Racial Justice & Equality

Systemic Racism, White People, and Why Mike Brown is such a big deal.

In waiting for the verdict of the grand jury in the Ferguson case, I already knew what was going to happen. I wasn’t shocked by the no indictment. I couldn’t be. It was already decided, already proven way before it had even went to trail – way before it had even happened. It was already decided when it happened in the Trayvon Martin Case, when it happened to Oscar Grant, when it happened to Sean Bell. The verdict was read way before November 24, 2014.

That is because there is systemic racism in America. Systemic racism (sometimes referred to as institutional racism) is any system of inequality based on race. It is different from individual racism because it is inequality from a business, system, or other societal structure. It is not based on one person’s opinion, but the rules and regulations of a greater entity. Systemic racism occurs when the way a society is structured systematically ends up giving advantages to some and disadvantages to others.

An easy way to explain systematic racism is in the purchase of bandages. When a person goes to the store to buy Band-Aids for a cut, the only colors available in most retail stores are of a lighter complexion. A dark brown skin person, like myself, will never find Band-Aids in my skin color at a major retail store in America. That is inequality that was set up by a business, it is not racism of one person in particular. (more…)


Privilege at the Ulta


For many African American people in America, white privilege is alive and apparent every day of our lives. We see it everywhere we go, all over our televisions, in politics, etc. A day never goes by that doesn’t remind us that life in America might be a little easier if we had fairer skin.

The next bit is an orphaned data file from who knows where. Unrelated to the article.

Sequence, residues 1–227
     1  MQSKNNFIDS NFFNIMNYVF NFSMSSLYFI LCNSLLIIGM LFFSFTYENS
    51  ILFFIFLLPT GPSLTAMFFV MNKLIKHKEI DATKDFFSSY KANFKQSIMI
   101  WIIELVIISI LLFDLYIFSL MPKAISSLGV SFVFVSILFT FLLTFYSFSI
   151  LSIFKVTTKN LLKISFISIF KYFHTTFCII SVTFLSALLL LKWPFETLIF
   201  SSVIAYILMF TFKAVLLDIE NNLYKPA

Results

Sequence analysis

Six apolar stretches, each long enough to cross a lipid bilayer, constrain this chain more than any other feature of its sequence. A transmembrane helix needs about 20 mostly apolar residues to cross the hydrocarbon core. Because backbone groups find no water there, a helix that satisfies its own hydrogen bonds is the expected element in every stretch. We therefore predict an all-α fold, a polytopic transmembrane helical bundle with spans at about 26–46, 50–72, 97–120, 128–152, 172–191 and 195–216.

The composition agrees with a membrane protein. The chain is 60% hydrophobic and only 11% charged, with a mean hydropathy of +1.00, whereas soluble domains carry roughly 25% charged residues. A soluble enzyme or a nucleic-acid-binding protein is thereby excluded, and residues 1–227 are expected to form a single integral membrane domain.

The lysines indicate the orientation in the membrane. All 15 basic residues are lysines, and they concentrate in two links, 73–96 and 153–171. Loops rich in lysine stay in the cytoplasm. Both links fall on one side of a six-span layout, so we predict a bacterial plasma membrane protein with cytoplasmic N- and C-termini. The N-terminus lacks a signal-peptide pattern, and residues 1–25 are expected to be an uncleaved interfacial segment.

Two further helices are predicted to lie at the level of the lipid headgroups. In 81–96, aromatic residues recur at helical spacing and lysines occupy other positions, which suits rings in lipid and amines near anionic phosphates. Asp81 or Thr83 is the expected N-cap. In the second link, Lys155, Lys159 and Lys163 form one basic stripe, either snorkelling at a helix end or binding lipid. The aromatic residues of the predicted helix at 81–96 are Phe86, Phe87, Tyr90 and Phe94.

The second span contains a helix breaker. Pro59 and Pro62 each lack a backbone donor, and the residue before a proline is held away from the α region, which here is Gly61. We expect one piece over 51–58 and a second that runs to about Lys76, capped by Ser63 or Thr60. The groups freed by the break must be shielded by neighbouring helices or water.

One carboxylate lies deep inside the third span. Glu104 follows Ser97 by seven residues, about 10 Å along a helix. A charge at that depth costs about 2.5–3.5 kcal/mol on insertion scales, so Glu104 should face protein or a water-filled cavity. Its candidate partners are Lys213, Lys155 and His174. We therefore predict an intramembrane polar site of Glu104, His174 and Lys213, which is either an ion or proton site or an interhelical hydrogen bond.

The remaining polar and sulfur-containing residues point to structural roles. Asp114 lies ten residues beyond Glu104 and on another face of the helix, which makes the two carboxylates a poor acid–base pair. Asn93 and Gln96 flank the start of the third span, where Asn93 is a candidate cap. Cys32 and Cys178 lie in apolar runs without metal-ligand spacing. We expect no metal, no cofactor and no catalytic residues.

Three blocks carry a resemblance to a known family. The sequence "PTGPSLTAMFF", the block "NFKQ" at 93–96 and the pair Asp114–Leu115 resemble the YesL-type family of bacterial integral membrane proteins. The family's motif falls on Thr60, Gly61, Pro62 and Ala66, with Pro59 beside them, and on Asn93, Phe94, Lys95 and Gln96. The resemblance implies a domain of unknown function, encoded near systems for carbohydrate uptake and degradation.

I’ve recently gotten into wearing makeup. When I’m heading to a party, or out for a celebration, I like to dress up my outfit with an amazing full face of makeup. I love it. But what I don’t love, is my oily skin causing my flawless finish to shine. Nothing is better than a matte face, so I visited my local Ulta in a hunt for an oil-free foundation at a decent price. Since Ulta carries many drug store brands, I knew that a representative could give me some good advice for an inexpensive product.

When I walked in, I had no problem finding someone to help me look for a foundation, nor did the representative and I have problems finding foundations made for oily skin, but the problem we did face was finding a foundation dark enough for my complexion. The representative, a young, blond, caucasian woman, was so shocked. She couldn’t believe how limited the color selection was. We paced from alise to alise, brand to brand, only to find one brand with a color in my shade. The representative couldn’t believe it. She even made a comment that she usually “just picks up her color with ease” so she never realized how difficult it could be for someone of my complexion to find a foundation in their shade. (more…)